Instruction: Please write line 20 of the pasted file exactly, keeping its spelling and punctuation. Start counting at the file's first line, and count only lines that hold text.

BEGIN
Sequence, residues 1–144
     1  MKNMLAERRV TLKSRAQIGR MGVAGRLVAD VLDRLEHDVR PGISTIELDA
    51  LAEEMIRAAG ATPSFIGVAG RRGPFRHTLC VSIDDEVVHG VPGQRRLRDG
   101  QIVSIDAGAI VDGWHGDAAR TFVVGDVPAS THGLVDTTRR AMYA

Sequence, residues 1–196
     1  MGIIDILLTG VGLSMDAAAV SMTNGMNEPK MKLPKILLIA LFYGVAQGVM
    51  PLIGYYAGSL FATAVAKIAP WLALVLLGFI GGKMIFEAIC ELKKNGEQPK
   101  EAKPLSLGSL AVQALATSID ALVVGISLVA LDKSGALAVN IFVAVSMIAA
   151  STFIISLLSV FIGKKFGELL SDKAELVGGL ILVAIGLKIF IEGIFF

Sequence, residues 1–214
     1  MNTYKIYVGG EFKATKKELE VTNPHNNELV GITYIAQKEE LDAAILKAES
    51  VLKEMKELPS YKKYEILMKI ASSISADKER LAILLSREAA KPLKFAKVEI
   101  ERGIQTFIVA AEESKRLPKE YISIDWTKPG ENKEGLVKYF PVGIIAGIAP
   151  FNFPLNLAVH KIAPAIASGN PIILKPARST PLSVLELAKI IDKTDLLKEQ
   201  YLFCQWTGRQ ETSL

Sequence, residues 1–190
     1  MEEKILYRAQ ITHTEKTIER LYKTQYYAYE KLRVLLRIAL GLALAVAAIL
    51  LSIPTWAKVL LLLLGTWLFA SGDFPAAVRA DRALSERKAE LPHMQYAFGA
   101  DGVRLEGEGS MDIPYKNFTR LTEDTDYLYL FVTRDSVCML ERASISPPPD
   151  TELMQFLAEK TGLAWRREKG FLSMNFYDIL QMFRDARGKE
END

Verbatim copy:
   151  TELMQFLAEK TGLAWRREKG FLSMNFYDIL QMFRDARGKE